The quirky Izmailovsky market is the most beautiful market place in Moscow and probably the world. There is so much more to do than just shopping: there are wooden churches, a large pond and different museums. You could easily spend half a day there.
Although it looks like a well preserved historical area, it was actually completed 2007. Izmailovsky market is a cultural and entertainment complex built to imitate the Russian architecture of the 18th century.
Izmailovo market (also called Izmailovsky vernisazh or Izmaylovskiy Bazar) is enclosed inside a beautiful and intricately decorated kremlin. The word kremlin is Russian for fortress, usually to protect an area or a city. The most famous kremlin is in Red square, however the one at Izmailovsky is purely for decoration.
The bridge leading up to the Kremlin is the best place to take a photo. With the towers, unusual shapes and bright colours, it looks like it belongs in a Russian fairytale.
Izmailovsky market is the perfect place to do some souvenir shopping because the prices are lower than most of Moscow. Especially if you want to buy a Russian doll (Matryoshka doll) some are painted with St Basils Cathedral in the centre, others include cartoon characters and even President Putin. There is also lots of old soviet memorabilia.
Most stalls do not have a card machine so make sure you take enough cash for all of your shopping. I was so busy shopping that I forgot to take a photo of the souvenir stands!
Church of St Nicholas
The Church of St Nicholas is the tallest wooden church in Moscow. Although it looks authentic it is a replica that was built in the year 2000. It is a popular place for weddings and includes relics of the patron saints of lovebirds (Peter and Fevronia).
Even though it is a replica we loved seeing an example of early Russian wooden architecture. Especially because we did not have time to visit the churches of Kizhi island.
We were surprised to find that there are lots of museums inside Izmailovo market. Unfortunately we didn’t have time to look around any, but will definitely visit them next time we are in Russia.
The Museum of the History of Russian Vodka had a very official and old looking notice board outside. It stated the 365 reasons that you should drink vodka, incase anyone needs a few more excuses. It has over 1000 exhibits of different sorts of vodka and recipes, as well as the chance to taste different types of vodka.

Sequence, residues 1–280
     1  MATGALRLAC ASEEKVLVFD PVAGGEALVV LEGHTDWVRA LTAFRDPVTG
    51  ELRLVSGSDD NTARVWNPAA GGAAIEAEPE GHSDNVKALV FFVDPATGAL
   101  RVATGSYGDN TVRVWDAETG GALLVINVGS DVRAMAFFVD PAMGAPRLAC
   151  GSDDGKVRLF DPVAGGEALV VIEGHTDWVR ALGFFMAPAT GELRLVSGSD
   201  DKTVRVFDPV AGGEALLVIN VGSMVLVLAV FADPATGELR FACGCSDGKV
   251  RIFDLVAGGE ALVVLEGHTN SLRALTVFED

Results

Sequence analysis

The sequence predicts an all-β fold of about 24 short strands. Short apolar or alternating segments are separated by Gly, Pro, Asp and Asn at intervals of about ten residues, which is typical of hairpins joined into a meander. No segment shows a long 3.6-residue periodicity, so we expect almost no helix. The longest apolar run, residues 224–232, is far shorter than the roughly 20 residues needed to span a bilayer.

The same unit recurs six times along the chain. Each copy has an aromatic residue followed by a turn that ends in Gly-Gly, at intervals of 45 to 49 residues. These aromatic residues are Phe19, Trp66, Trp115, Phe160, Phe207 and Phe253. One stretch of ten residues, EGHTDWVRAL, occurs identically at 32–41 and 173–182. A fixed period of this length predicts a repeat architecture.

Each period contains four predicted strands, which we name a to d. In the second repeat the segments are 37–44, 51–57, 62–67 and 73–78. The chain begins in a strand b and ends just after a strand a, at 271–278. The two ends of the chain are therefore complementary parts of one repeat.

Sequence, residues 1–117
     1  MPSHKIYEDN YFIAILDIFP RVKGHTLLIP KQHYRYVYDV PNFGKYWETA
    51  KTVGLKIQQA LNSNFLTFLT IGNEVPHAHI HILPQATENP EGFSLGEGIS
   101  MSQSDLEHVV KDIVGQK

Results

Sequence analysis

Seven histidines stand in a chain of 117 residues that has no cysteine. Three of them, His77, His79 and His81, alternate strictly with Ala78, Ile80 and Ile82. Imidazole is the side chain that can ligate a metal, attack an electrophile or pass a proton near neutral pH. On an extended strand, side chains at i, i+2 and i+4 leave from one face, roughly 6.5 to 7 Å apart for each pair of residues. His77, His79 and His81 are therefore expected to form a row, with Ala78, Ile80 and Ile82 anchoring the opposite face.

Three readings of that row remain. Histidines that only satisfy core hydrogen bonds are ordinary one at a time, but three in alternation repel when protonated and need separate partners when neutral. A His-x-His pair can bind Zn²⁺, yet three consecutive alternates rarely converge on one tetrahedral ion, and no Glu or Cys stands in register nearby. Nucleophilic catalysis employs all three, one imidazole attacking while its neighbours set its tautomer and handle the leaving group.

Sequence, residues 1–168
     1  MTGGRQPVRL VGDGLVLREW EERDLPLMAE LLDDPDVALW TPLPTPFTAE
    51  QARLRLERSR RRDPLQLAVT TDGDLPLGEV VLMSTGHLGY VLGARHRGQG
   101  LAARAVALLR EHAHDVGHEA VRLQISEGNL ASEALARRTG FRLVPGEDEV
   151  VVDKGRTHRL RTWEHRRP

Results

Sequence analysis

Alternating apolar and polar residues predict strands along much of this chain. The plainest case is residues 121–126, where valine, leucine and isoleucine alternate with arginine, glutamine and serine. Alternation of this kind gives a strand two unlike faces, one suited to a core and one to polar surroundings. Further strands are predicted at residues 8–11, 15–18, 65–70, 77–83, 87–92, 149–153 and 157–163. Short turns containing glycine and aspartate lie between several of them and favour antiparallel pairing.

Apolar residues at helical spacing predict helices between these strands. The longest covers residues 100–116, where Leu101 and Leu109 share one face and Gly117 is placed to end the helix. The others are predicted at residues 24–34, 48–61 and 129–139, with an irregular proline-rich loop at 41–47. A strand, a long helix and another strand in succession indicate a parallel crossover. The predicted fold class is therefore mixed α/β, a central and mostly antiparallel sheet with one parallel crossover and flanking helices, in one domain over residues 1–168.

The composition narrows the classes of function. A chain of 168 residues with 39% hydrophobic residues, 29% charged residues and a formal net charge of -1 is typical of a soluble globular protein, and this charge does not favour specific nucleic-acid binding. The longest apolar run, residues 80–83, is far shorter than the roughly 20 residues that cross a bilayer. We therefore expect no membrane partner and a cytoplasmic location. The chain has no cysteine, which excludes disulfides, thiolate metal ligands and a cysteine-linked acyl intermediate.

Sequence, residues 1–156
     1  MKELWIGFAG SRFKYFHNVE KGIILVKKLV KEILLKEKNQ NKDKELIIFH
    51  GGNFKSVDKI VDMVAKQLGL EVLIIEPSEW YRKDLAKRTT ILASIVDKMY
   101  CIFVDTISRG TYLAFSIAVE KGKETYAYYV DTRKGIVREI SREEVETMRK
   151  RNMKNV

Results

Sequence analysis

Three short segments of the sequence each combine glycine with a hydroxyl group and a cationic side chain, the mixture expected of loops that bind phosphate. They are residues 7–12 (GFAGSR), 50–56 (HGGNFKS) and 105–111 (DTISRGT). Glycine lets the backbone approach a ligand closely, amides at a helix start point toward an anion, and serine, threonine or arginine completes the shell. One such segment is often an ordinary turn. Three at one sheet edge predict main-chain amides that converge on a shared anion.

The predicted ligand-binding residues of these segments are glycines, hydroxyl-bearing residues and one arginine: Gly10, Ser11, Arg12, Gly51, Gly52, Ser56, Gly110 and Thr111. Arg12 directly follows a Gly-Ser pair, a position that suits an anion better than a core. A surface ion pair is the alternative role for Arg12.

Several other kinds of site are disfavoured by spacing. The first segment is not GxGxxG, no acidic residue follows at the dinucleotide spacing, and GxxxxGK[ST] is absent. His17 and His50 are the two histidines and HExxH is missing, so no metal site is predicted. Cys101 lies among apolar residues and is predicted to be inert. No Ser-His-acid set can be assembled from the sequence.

Museum of Bread has 1000 exhibits of different types of bread and a buffet. But the biggest draw is a workshop where you can bake and decorate gingerbread and learn how to make Russian pancakes.
Museum of Russian Toys offers the chance to paint your own Russian doll which sounds like the perfect souvenir to take home. There is also a range of hand painted traditional dolls on display and interactive exhibits.
There is also the Museum of Moscow Animation and the Soap Making Museum. It is worth checking the opening times if you want to visit a particular museum. Most are only open on a couple of days each week and some are by appointment only.
The best time to visit
The market is open between 09:00 and 18:00 everyday, but if you want more shopping options it is best to go at the weekend as there are more vendors. The best time to visit is in the morning because it is quieter and some vendors leave after lunch.
The market has become more of a tourist destination but early in the morning there are locals hunting for antiques. However not everything being passed off as an antique is genuine. Here is a guide to: Buying souvenirs
How to get there
Izmailovo is out of the city centre. It isn’t possible to walk there, but it is an easy journey on the metro. Take the Arbatsko-Pokrovskaya line on the metro (this is dark blue or purple on the metro map) to Partizanskaya Station (Партизанская). The journey takes about 20 minutes, then from the station it is only a 10 minute walk. It is easy to spot the quirky kremlin from afar.
Make sure you see my post on a very unique taxi: Red tank taxi in Russia.